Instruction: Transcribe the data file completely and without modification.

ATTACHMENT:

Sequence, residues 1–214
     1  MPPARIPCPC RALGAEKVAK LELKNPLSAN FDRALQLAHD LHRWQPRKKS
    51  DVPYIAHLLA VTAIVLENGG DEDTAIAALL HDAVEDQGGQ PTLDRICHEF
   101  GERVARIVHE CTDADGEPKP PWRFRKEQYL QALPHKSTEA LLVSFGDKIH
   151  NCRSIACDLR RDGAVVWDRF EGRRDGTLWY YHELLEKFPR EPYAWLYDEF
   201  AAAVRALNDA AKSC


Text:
Sequence, residues 1–214
     1  MPPARIPCPC RALGAEKVAK LELKNPLSAN FDRALQLAHD LHRWQPRKKS
    51  DVPYIAHLLA VTAIVLENGG DEDTAIAALL HDAVEDQGGQ PTLDRICHEF
   101  GERVARIVHE CTDADGEPKP PWRFRKEQYL QALPHKSTEA LLVSFGDKIH
   151  NCRSIACDLR RDGAVVWDRF EGRRDGTLWY YHELLEKFPR EPYAWLYDEF
   201  AAAVRALNDA AKSC